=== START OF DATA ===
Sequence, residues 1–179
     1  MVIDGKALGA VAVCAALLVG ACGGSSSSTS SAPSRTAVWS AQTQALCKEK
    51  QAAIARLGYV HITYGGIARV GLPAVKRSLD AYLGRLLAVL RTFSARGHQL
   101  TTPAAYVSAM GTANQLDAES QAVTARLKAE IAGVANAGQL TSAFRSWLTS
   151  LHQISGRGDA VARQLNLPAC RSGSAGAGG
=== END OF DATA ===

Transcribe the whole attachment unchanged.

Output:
Sequence, residues 1–179
     1  MVIDGKALGA VAVCAALLVG ACGGSSSSTS SAPSRTAVWS AQTQALCKEK
    51  QAAIARLGYV HITYGGIARV GLPAVKRSLD AYLGRLLAVL RTFSARGHQL
   101  TTPAAYVSAM GTANQLDAES QAVTARLKAE IAGVANAGQL TSAFRSWLTS
   151  LHQISGRGDA VARQLNLPAC RSGSAGAGG